Monthly Archives: April 2019

My quick Nagios client install guide

Due to changing winds at my day job I’ve been tasked to start looking into Nagios for monitoring a Windows environment. I’ve taken this as a learning opportunity and also to compare monitoring systems (aka SCOM). This blog post is not about comparing Nagios with SCOM or any other monitoring system but rather a summary of the process of installing Nagios client (NSClient++ on Windows and nrpe on Linux). Installing the server portion of Nagios is an affair for another day – as it is a rather hairy story only for the brave…

Installing a Linux client

Since I have a mixed test environment (at home) I also made use of Nagios to monitor them too. I mostly use Ubuntu/Debian based distros (like Ubuntu and Mint) so this guide will only cover them.
1. First make sure no other updates are outstanding:
sudo apt-get update
2. Then download/install the nrpe package (which includes both server and plug-in parts).
sudo apt-get install nagios-nrpe-server nagios-plugins
3. Once installed you need to configure the client so it can act as a monitoring end-point for the Nagios server. The bare minimum you have to specify is to allow the server to connect to the client. To do this you need to edit the nrpe.cfg file. By default it should be installed at /etc/nagios
sudo gedit /etc/nagios/nrpe.cfg
then search for the line that starts with allowed_hosts= and set it to the ip address for the Nagios server.
allowed_hosts=<ip address of nagios server>
4. Lastly you need to restart the agent:
sudo /etc/init.d/nagios-nrpe-server restart
Once all is done you (or the Nagios admin) need to configure the server portion. This will be covered later as it is basically the same for Linux and/or Windows clients.

Installing a Windows client

For Windows monitoring I’m using the NSClient++ agent. It is available for most Windows versions – from Windows XP to Windows 10 as well as Windows server.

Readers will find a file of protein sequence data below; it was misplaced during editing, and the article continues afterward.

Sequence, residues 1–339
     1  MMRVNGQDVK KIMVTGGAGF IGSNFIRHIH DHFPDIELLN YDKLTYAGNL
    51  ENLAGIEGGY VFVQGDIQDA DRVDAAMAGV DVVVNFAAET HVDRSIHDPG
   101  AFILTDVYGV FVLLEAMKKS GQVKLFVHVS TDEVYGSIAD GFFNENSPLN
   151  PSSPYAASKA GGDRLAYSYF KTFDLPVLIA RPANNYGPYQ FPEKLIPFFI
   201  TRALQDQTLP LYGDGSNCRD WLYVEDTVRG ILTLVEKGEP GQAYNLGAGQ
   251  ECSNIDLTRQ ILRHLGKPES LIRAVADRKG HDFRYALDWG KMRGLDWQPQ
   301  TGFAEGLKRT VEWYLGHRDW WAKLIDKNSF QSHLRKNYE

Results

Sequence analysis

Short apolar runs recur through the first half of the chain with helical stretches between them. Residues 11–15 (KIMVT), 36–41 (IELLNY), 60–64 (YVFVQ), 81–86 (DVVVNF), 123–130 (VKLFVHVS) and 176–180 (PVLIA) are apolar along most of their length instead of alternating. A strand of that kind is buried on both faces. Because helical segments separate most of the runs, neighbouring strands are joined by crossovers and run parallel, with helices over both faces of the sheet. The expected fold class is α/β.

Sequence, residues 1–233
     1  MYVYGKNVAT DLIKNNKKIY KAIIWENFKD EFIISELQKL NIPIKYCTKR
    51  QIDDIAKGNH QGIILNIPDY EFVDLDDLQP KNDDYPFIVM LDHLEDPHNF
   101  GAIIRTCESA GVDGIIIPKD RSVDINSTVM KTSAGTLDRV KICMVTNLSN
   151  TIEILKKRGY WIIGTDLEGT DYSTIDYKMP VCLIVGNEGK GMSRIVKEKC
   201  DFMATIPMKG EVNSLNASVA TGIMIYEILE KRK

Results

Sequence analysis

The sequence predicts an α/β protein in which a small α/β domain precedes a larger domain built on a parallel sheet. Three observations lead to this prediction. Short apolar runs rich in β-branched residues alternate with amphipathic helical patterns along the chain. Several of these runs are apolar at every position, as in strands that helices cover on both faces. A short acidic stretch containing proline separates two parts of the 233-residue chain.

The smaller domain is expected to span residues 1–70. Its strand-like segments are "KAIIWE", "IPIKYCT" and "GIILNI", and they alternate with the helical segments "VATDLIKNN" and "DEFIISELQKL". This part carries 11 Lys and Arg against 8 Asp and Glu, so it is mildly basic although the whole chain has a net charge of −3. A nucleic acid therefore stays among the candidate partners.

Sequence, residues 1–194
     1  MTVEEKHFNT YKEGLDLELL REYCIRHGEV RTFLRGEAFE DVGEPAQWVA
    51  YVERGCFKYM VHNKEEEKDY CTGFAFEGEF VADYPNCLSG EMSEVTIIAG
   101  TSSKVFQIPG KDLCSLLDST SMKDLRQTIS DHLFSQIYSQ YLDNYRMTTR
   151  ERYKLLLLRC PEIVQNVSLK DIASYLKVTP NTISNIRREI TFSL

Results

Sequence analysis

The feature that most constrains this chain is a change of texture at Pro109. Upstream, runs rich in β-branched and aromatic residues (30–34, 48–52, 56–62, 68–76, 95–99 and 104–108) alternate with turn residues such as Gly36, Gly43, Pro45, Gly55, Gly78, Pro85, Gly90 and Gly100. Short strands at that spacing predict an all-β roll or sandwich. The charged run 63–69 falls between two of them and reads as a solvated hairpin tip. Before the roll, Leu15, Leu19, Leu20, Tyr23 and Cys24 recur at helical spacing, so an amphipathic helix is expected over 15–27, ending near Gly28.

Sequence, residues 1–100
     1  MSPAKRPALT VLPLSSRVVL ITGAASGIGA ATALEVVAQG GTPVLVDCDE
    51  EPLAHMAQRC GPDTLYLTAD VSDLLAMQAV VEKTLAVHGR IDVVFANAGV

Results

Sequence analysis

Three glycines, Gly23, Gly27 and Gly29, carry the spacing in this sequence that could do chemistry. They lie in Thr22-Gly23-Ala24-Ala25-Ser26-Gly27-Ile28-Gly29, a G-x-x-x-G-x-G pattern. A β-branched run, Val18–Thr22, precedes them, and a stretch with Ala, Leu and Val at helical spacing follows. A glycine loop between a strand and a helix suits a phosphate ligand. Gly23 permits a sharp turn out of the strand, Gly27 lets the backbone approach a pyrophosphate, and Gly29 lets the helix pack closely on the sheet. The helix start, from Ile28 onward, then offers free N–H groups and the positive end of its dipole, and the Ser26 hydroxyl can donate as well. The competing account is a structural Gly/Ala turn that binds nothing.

1. Download the appropriate MSI version for your version of Windows from
2. Install the MSI. You can do it manually – double-click the MSI or using the command line
3. I tend to choose the the Complete option to choose
Enable common checkplugins
Enable nsclient server (check_nt)
Enable NRPE server (check_nrpe)’ with Safe mode (default)
Enable NSCA client (optional)
4. If for some reason you want to use the command line you can use something like this (which is for a silent install) – this is for the current latest x64 version
msiexec /qn /l* NSCPInstall.log /i NSCP- /norestart CONF_CAN_CHANGE=1 CONF_NSCLIENT=1 CONF_NRPE=1 CONF_NSCA=1 ADDLOCAL=ALL

Configuring the server

This quick guide is not intended as complete reference for configuring Nagios so I’ll only be giving a summary here. By default Nagios config is found at /usr/local/nagios/etc (for version 5.x afaik).
I tend to put host configs (aka clients) in a separate directory ‘/usr/local/nagios/etc/servers’ – it just makes it easier to manage. For this quick guide I simply show how to add the ‘host’ entry and not how to configure services and any other things.
1. Create a new file for the the client/agent. I use the name ‘hostname.cfg’
2. Edit the file
example config here for a linux host
define host {
use linux-server
host_name <hostname>
alias <hostname>
address <x.x.x.x or dns name>
Windows host
define host {
use windows-server
host_name <hostname>
alias <hostname>
address <x.x.x.x or dns name>
3. After all config editing has been done I always check that changed config is okay (for typos and so on…) using the following command on the Nagios server
/usr/local/nagios/bin/nagios -v /usr/local/nagios/etc/nagios.cfg
4. If all checks out you can restart the Nagios server
systemctl restart nagios.service

For now this is the quick guide. I’ll update it from time to time if I find more things that can be included.